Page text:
Yesterday, our sacred space conversation turned to discussions of courage, calling, caring and witness. We relied on Acts 9 to be our jumping board into some spiritually deep waters.
10 “Now there was a believer in Damascus named Ananias. The Lord spoke to him in a vision, calling, “Ananias!”
“Yes, Lord!” he replied.
11 The Lord said, “Go over to Straight Street, to the house of Judas. When you get there, ask for a man from Tarsus named Saul. He is praying to me right now. 12 I have shown him a vision of a man named Ananias coming in and laying hands on him so he can see again.”
13 “But Lord,” exclaimed Ananias, “I’ve heard many people talk about the terrible things this man has done to the believers in Jerusalem! 14 And he is authorized by the leading priests to arrest everyone who calls upon your name.”
15 But the Lord said, “Go! For Saul is my chosen instrument to take my message to the Gentiles and to kings, as well as to the people of Israel. 16 And I will show him how much he must suffer for my name’s sake.”
17 So Ananias went and found Saul. He laid his hands on him and said, “Brother Saul, the Lord–Jesus, who appeared to you on the road–has sent me so that you might regain your sight and be filled with the Holy Spirit.” 18 Instantly something like scales fell from Saul’s eyes, and he regained his sight. Then he got up and was baptized. Acts 9:10-18
For those of you who don’t know Saul, let me explain “A”s fears. Saul was a bad guy. Maybe even a super villain, at least to the early believers of The Way. He was ying to Jesus’ yang. The black that opposes white. The crystals that form on a good brand of ice cream that has been put away without the lid securely fastened down. He was a spoiler working against the fledgling Christians, and not a harmless one either.
Saul was on a witch hunt when he headed into Damascus, and had it not been for a blinding realization of his condition (literally speaking, he was made blind for three days), he would have gone on persecuting the men and women of that great metro until the proverbial cows came home.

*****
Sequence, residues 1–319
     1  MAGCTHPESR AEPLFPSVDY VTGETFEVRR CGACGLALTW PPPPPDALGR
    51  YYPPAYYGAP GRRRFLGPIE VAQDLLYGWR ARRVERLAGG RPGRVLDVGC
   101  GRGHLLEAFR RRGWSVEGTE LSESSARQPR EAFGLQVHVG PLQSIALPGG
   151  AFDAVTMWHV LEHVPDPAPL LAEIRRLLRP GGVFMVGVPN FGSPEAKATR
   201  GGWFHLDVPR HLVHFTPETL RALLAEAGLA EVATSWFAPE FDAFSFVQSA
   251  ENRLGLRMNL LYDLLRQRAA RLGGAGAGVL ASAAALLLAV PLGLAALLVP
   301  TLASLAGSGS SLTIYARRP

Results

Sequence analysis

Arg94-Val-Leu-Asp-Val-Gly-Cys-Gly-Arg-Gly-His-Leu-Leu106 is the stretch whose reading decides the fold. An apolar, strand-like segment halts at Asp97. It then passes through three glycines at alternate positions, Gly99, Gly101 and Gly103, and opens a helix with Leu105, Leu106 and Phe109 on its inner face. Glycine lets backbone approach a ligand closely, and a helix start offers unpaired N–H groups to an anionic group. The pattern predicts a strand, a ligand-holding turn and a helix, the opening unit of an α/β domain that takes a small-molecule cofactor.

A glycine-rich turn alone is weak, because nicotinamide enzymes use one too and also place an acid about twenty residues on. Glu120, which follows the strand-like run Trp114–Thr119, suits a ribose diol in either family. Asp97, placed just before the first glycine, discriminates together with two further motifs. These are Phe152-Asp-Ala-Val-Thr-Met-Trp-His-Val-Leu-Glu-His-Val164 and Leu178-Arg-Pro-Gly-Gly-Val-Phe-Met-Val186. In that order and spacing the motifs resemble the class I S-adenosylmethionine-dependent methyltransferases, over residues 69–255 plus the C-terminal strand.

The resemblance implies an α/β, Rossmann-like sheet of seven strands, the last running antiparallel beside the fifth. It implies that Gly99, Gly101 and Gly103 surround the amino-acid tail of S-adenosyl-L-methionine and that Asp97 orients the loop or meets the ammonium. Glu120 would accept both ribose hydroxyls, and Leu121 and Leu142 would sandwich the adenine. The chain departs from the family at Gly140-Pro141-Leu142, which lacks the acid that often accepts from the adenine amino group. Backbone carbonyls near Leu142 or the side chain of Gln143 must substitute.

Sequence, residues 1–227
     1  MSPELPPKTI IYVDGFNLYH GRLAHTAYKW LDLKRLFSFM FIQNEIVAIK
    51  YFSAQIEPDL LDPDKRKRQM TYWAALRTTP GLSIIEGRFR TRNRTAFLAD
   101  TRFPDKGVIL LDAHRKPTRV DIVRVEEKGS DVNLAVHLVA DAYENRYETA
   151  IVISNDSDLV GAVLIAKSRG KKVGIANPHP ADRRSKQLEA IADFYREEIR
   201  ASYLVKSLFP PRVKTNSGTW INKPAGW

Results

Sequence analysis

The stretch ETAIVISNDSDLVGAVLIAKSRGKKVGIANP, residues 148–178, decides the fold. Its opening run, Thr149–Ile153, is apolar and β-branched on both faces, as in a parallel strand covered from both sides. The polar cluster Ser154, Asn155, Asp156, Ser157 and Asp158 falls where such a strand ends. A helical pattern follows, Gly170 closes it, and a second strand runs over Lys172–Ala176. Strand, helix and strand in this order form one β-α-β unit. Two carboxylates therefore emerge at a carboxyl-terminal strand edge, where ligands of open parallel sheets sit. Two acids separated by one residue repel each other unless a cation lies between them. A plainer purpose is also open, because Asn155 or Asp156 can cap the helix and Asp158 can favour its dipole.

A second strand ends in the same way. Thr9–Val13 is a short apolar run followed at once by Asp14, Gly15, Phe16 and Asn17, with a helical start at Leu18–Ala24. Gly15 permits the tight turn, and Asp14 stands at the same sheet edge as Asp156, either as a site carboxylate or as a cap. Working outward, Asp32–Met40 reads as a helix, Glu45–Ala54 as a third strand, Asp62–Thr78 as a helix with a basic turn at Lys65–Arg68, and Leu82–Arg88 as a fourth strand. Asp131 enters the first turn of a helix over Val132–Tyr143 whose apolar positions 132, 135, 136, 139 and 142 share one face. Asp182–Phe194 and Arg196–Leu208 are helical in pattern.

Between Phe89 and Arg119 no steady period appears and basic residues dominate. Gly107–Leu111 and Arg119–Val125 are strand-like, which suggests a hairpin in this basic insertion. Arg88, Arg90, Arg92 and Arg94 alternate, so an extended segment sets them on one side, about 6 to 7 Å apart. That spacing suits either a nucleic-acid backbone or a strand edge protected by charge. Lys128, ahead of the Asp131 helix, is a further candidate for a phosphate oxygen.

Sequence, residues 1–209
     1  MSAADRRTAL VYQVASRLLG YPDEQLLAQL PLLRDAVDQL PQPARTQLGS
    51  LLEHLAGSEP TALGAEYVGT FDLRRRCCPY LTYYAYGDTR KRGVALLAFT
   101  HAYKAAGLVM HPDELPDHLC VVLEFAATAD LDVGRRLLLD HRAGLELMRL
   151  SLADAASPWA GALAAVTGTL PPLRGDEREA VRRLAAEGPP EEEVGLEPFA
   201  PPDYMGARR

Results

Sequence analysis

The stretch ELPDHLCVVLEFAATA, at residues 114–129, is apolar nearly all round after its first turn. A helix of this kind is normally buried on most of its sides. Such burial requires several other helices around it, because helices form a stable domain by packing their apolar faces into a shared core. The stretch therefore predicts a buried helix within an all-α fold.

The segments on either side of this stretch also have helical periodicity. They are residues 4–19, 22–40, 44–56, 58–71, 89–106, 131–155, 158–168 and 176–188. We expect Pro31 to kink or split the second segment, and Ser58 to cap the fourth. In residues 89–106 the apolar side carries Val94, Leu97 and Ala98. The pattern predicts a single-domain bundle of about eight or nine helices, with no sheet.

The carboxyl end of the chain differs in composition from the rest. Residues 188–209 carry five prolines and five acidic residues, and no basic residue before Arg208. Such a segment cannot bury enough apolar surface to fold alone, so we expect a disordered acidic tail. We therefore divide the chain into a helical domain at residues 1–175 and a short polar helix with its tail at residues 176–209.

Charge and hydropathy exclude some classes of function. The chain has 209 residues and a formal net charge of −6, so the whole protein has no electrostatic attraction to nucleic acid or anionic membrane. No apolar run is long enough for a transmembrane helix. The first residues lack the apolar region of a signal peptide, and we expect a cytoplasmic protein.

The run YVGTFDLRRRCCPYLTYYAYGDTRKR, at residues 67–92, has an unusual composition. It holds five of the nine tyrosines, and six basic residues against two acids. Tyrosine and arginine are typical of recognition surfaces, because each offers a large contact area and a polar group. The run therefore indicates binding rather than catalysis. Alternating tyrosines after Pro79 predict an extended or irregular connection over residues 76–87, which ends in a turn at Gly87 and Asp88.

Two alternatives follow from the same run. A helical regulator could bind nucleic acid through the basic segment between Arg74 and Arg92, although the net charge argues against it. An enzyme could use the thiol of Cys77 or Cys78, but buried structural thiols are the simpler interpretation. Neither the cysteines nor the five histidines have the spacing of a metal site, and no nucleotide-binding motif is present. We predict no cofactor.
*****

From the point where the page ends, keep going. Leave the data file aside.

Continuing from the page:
The guy was deadly in a multitude of ways!
Its amazing how much Christ cared for Saul, by sending Ananias. Read these words said to him before his blinding:
“Saul, Saul, why do you persecute me? It is hard for you to kick against the goads.” Acts 26:14
What the wise guys in the biblical world take that to mean is: 1. Why are you hurting me, by hurting my people, Saul? 2. Why are you resisting My plan, when you say with every breath that you love Me and want to do My will?
Good questions, right?
Our God has a soft spot for everyone who wants to get closer to Him, and Saul wanted with every fiber of his being to be right in God’s sight, and really, really close to Him. Ananias also wanted to get closer to God.
Solution: put these two together!
It was hard for Ananias to listen to God and go to Saul, especially when he knew by the vision he’d had that Saul was out of commission in his present state. Left blind, Saul could do no further harm in the Christian camp, but that wasn’t God’s plan. God was about to transform Saul, and while he could have done it without Ananias’ help, it would not have had nearly the same effect.
Ananias went to an enemy and gave him love.
In so doing, Saul was humbled, maybe a bit humiliated, and at the end, eternally grateful to one that was a better man than he. Saul’s new life began with the hands of an old enemy on his shoulders and with the words of that enemy ringing blessings in his ears. He might not have been able to see Ananias as that friend to Christ prayed, but he could sure feel the difference those prayers made and he could hear perfectly the blessing God told this faithful man to pray over him.
Which of your enemies needs your prayer of blessing in his or her life today? What has God called you to do that you could never do without His power working through you?